The operator releases the outside paddle 24 and the outside paddle 24 pivots back to its original at rest position. Referring to FIG. 5, the driver spring 72 returns the latch driver 68 to its at rest position and the latch bolt spring 80 returns the latch bolt 74 to its extended position. Referring to FIG. 2, the outside lever 52 and the rotor 48 rotate back to their at rest positions. The rotor 48 is spring loaded such that the rotor 48 is biased to a position disengaged from the outside lever 52. Accordingly, the rotor 48 returns to its at rest position disengaged from the outside lever 52.

The inside part of the pushbutton door lock 10 operates as follows. Referring to FIGS. 6-9, the inside paddle 28 is pushed toward the door and pivoted around the base shaft 86. The set screw 92 (FIG. 9) applies pressure to the inside lever 88 in a direction opposite to the door's inside surface. The inside lever 88 is rotated about the inside lever shaft 90 and the inside lever 88 engages the latch driver 68. The inside lever 88 slides the latch driver 68 and unlatches the latch bolt 74 and the auxiliary bolt 82 similarly as described with reference to the outside lever 52.

After the operator releases the inside paddle 28, the inside lever 88, the latch driver 68, the latch bolt 74 and the auxiliary bolt 82 return to their at rest positions.

Referring to FIGS. 6-8, the door lock 10 can be held in an unlocked position as follows. When the inside paddle 28 is fully depressed and the inside lever 88 is fully rotated, a coin can be inserted into the slot 104 of the turn knob 96. The turn knob 96 can be rotated 180 in either direction. Because the turn knob 96 is engaged with the holding cam 98, the holding cam 98 rotates and applies pressure to the spring loaded holding pin 100. The holding pin 100 sits into the pin receiving hole 102 of the inside lever 88 underneath the holding cam 98. The holding pin 100 maintains the inside lever 88 in the unlocked position which maintains the latch driver 68 and the latch bolts 74, 82 in the retracted positions. Accordingly, the pushbutton door lock remains in an unlocked position.

The turn knob 96 can be rotated 180 in either direction to rotate the holding cam 98 remove the holding pin 100 from the pin receiving hole 102 in the inside lever 88. This releases the inside lever 88 and allows the lock components to return to the locked position including the latch bolts extending outward from the door.

While the presently preferred embodiments have been illustrated and described, numerous changes and modifications can be made without significantly departing from the spirit and scope of this invention. Therefore, the inventor intends that such changes and modifications are covered by the appended claims.

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Referenced by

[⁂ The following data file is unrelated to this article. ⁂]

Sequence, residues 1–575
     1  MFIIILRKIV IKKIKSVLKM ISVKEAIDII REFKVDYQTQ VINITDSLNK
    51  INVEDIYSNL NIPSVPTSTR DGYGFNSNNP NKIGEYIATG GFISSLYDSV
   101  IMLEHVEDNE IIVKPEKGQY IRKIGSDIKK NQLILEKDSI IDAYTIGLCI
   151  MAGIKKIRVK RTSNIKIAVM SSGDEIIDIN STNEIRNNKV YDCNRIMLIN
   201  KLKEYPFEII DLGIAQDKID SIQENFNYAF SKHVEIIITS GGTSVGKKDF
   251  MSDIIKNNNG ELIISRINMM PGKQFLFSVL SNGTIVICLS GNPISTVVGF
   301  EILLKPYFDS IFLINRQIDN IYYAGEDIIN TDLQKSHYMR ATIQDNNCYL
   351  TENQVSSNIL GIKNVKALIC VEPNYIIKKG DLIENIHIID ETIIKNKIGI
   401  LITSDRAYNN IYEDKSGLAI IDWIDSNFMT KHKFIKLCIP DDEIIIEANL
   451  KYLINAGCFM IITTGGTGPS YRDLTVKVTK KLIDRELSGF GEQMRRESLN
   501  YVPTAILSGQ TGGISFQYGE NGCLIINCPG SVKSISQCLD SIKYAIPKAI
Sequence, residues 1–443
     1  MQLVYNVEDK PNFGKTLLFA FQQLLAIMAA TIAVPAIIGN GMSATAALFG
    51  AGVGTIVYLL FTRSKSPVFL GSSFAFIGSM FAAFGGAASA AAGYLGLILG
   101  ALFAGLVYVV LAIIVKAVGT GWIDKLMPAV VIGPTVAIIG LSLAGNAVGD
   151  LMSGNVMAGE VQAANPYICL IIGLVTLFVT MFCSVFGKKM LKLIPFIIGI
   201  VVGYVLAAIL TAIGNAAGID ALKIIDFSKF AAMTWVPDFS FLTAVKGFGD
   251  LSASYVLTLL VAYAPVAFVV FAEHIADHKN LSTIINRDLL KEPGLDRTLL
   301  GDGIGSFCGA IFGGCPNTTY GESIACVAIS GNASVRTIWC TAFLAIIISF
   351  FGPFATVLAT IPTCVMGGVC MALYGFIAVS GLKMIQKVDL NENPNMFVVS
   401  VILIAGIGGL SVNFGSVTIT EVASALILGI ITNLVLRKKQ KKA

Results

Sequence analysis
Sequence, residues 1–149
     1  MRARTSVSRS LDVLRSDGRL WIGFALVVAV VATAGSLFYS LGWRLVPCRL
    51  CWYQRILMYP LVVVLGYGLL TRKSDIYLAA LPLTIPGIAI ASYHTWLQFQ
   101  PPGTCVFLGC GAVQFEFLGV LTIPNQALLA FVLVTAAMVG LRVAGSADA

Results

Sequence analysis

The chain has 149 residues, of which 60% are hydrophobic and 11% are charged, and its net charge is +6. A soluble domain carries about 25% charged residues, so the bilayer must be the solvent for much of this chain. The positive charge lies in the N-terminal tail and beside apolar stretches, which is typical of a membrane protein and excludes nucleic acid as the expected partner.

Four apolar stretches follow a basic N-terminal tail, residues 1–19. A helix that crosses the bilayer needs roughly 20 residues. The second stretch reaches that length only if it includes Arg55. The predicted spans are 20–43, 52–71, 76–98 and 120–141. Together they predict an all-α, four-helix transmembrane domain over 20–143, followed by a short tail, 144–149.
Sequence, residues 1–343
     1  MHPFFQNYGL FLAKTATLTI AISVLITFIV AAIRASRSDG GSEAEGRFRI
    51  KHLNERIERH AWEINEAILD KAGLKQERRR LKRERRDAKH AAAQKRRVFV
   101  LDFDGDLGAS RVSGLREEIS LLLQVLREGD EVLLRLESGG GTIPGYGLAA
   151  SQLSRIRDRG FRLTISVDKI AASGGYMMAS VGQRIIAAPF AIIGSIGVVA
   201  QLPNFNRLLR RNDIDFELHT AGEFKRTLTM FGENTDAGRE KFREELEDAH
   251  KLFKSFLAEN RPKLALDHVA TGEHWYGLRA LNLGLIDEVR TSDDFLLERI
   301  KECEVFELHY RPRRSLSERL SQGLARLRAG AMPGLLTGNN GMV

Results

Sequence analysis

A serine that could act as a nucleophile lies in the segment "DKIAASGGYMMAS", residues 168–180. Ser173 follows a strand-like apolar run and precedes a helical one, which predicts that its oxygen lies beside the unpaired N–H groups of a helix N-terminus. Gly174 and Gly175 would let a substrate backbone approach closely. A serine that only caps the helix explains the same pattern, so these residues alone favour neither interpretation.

Citing PatentFiling datePublication dateApplicantTitle
US6575004 *Jul 3, 2001Jun 10, 2003UnitechniquesCombination lock system
US7958758Sep 13, 2007Jun 14, 2011The Knox CompanyElectronic lock and key assembly
US8276415Mar 20, 2009Oct 2, 2012Knox AssociatesHolding coil for electronic lock
US8347674Jun 13, 2011Jan 8, 2013Knox AssociatesElectronic lock and key assembly
US8375751Sep 21, 2010Feb 19, 2013Master Lock Company LlcLockable enclosure
US8555686Dec 7, 2010Oct 15, 2013Master Lock Company LlcMechanical pushbutton locking arrangements
US8746023Dec 5, 2012Jun 10, 2014The Knox CompanyElectronic lock and key assembly
US20130076046 *Jan 10, 2012Mar 28, 2013Kirti ShahUniversal latch handle
Classifications
U.S. Classification70/214, 70/133, 70/314
International ClassificationE05B37/16, E05B7/00
Cooperative ClassificationE05B37/163, E05B7/00
European ClassificationE05B37/16B
Legal Events
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Effective date: 20111214
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Mar 24, 2003FPAYFee payment
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Aug 16, 2002ASAssignment
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Owner name: KABA ILCO CORP. 400 JEFFREYS ROADROCKY MOUNT, NORT
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Owner name: KABA CORPORATION 400 JEFFREYS ROADROCKY MOUNT, NOR
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Jan 22, 2002ASAssignment
Owner name: UBS, AG ZURICH, SWITZERLAND
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Effective date: 20011001
Owner name: UBS, AG ZURICH BAHNOFSTRASSE 45 ZURICH CH-8908 SWI
Owner name: UBS, AG ZURICH BAHNOFSTRASSE 45ZURICH CH-8908, (1)
Free format text: SECURITY AGREEMENT;ASSIGNORS:KABA CORPORATION /AR;REEL/FRAME:012495/0716
Mar 31, 1998ASAssignment
Owner name: ILCO UNICAN CORPORATION, NORTH CAROLINA
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Effective date: 19980324